The HIPAA Omnibus Rule came into effect on January 25, 2013 and requires subcontractors (called Business Associates) who handle PHI (protected health information) on behalf of Covered Entities (CEs) and other Business Associates to be HIPAA compliant.
But what does this mean for you and your business?
The HIPAA Omnibus Rule: Explained
First, the word omnibus is defined as “comprising several items”, which describes this rule well.
The HIPAA Omnibus Rule defines vendors and subcontractors or any entity that handles protected health information (PHI) on behalf of Covered Entities as Business Associates (BAs). Business Associates are required to be compliant with the HIPAA Security Rule, general HIPAA compliance, and any contractual requirements arising from Business Associate Agreements with Covered Entities.
Who is Impacted by the HIPAA Omnibus Rule?
The impact of this rule has resulted in a massive increase in the amount of businesses that need to be HIPAA compliant, and opened up compliance regulations to industries including:
- Software companies
- Medical device manufacturing companies
- Consulting firms
- Accounting firms
- Medical billers
- And many many more!
Software Companies and the HIPAA Omnibus Rule
The impact of the HIPAA Omnibus Rule has been felt most significantly in the world of software development. Since the passing of the Omnibus Rule, any software company that stores, transmits, uses, discloses, analyzes, captures, manages, or buys healthcare data must sign a Business Associate Agreement (BAA) that states that they will implement all the administrative, technical, physical safeguards outlined in the HIPAA Security Rule and that they will assist their Covered Entity partners in performing their duties with regard to patients’ rights.
Double check your Business Associate Agreements with Covered Entities to identify additional requirements that you may be responsible for in order to assist the CE with their responsibilities including:
- Providing patient access to records
- Amending records
- Limiting disclosures of records
- Maintaining security of records
- Verifying the identity of patients
- Documenting patient’s personal representatives
The Unbroken Chain of Responsibility
One of the most important elements of the HIPAA Omnibus Rule is that it requires an unbroken chain of responsibility for PHI.
The Omnibus Rule also requires Business Associates to obtain a signed Business Associate Agreement (BAA) from their subcontractors and vendors who handle PHI on their behalf. For example, a software company might be a Business Associate to a hospital, but if their software resides in AWS, then the software company must obtain a BAA from Amazon. The requirement for BAs to obtain BAAs from their BAs establishes an unbroken chain of custody and liability for the secure handling of PHI.
“Reasonable Assurance” of Compliance
Additionally, the HIPAA Omnibus Rule requires Covered Entities and Business Associates to obtain “reasonable assurance” that their vendors are able to do the things described a business associate agreement. In other words, how do you know that your vendor really is HIPAA compliant?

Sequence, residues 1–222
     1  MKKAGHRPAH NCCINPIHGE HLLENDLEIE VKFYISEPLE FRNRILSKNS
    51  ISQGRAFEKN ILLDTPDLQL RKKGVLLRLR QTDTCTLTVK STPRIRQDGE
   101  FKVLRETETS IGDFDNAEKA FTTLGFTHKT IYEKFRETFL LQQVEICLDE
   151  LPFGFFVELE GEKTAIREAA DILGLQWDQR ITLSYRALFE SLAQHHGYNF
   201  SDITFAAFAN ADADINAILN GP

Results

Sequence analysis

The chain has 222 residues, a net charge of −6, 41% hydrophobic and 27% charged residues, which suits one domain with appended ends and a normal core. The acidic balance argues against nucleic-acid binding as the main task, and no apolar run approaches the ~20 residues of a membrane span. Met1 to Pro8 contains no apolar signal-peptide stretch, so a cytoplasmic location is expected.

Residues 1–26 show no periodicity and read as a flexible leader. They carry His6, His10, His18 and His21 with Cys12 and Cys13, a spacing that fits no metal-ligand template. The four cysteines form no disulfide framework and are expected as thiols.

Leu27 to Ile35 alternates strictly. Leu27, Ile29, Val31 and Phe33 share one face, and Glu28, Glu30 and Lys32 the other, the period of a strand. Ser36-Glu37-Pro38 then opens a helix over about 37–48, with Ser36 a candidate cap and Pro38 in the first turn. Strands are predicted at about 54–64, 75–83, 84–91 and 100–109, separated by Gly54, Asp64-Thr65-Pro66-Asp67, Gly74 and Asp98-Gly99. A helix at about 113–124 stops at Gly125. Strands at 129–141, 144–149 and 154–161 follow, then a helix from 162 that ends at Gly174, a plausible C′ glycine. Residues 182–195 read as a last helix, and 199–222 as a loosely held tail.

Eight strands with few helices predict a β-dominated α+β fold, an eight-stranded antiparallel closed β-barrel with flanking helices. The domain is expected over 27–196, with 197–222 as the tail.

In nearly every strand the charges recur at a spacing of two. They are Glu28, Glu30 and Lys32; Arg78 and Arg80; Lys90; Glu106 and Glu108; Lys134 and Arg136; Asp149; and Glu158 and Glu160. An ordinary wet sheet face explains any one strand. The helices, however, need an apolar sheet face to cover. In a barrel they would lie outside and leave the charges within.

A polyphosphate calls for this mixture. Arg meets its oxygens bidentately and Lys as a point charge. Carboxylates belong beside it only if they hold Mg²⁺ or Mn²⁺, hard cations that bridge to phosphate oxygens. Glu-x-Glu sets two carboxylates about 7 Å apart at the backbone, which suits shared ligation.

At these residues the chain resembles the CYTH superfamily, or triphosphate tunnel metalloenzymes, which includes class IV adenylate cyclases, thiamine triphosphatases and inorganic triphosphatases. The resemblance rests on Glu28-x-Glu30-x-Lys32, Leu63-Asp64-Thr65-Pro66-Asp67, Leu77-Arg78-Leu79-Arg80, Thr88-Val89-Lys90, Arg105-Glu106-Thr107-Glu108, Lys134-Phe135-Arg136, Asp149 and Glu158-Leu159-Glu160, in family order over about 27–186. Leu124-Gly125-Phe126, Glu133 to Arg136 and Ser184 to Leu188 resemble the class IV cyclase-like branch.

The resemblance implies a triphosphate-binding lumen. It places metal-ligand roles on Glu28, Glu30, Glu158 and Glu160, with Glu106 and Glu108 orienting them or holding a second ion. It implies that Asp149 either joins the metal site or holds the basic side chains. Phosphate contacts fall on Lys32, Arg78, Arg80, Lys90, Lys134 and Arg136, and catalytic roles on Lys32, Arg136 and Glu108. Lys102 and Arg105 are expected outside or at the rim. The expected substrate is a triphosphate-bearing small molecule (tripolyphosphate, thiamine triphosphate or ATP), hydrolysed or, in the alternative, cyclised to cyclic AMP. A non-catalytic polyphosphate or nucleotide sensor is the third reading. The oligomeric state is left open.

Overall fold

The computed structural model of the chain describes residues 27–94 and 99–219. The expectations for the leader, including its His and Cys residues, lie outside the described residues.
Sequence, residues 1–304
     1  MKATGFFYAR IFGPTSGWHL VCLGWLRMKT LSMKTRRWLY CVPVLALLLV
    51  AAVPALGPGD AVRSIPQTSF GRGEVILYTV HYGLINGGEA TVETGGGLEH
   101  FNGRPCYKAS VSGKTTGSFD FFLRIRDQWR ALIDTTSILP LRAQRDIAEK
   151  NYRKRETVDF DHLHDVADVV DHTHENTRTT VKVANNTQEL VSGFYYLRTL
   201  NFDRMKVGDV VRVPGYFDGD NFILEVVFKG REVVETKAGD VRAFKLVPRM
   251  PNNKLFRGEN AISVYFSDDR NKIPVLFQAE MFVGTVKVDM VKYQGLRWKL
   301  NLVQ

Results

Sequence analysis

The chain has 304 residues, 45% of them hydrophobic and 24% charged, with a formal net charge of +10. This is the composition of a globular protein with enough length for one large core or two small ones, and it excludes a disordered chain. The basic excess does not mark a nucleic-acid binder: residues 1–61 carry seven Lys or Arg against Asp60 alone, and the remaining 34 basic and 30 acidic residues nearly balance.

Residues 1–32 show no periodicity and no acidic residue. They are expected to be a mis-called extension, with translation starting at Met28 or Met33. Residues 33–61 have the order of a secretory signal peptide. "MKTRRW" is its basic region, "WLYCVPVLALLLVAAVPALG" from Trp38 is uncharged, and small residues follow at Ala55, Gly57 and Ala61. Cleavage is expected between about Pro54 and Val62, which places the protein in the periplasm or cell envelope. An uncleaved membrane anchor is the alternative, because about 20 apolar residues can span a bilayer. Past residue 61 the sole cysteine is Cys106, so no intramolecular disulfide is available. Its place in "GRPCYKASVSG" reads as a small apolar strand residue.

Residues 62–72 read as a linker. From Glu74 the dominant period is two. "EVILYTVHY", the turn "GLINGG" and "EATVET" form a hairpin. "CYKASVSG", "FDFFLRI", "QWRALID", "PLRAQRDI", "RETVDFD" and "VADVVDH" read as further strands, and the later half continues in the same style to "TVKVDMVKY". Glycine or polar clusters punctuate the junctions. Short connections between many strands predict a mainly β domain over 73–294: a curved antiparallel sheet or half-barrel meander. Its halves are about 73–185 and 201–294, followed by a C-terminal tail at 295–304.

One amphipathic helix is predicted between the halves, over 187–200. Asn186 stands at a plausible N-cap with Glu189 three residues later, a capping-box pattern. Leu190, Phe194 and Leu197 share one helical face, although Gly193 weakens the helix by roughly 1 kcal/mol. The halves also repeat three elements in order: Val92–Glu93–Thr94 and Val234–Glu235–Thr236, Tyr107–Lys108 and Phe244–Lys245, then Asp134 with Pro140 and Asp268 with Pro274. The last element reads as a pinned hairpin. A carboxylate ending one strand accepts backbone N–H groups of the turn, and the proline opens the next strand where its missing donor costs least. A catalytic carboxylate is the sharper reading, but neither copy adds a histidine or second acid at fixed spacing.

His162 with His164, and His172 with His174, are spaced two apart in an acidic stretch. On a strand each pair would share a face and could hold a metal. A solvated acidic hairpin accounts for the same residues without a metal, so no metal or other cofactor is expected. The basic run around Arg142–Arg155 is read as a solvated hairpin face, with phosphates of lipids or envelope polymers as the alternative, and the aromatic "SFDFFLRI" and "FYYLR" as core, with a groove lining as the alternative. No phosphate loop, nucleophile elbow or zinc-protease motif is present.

“Reasonable assurance” is equivalent to due diligence.
In the healthcare industry, there is no standard for what is reasonable to make you feel sure that a vendor is competent and responsible with patient data. Tests of “reasonable assurance” can be an evaluation of a BA’s risk assessments, a custom security attestation form, or a request for a certification that goes beyond the scope of HIPAA, such as SOC 2 or HiTRUST.
It is critical to remember that liability can flow upward. If you have not done your due diligence and obtained “reasonable assurance”that your business associate is maintaining compliance and your business associate has a data breach, the OCR may consider you liable for putting that patient data at risk.
Example: As a Covered Entity (dentist office) it’s my responsibility to be certain that I am “reasonably assured” that my vendor (network service provider) is compliant with their BAA, including a clause that says they will get BAAs from their vendors (development firms). This can be achieved through questions in a vendor evaluation form.
The important thing to remember is that only YOU can prevent a data breach, and the HHS agrees and will hold you responsible for that.
- The HIPAA Omnibus Rule requires vendors, subcontractors, or any entity that handles protected health information (PHI) on behalf of covered entities to also be compliant with the HIPAA Security Rule.
- This rule resulted in a massive increase in the amount of businesses that need to be HIPAA compliant, and an unbroken chain of responsibility between business associates handling patient data.
- Liability can flow upward, so it is critical to have “reasonable assurance” beyond signed BAAs.
Have you done your due diligence? Is someone doing due diligence on you? We can help sort this mess out.
Contact us today at (503)-389-5666 or email@example.com!